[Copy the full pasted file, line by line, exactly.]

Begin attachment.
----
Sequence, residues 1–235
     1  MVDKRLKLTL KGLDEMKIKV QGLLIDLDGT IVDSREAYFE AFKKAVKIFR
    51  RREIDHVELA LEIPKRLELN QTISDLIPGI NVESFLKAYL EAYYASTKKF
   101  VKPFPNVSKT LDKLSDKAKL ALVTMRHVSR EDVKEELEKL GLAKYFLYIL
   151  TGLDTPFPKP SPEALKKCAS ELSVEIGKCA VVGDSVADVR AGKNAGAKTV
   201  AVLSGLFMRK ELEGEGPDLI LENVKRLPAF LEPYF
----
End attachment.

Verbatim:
Sequence, residues 1–235
     1  MVDKRLKLTL KGLDEMKIKV QGLLIDLDGT IVDSREAYFE AFKKAVKIFR
    51  RREIDHVELA LEIPKRLELN QTISDLIPGI NVESFLKAYL EAYYASTKKF
   101  VKPFPNVSKT LDKLSDKAKL ALVTMRHVSR EDVKEELEKL GLAKYFLYIL
   151  TGLDTPFPKP SPEALKKCAS ELSVEIGKCA VVGDSVADVR AGKNAGAKTV
   201  AVLSGLFMRK ELEGEGPDLI LENVKRLPAF LEPYF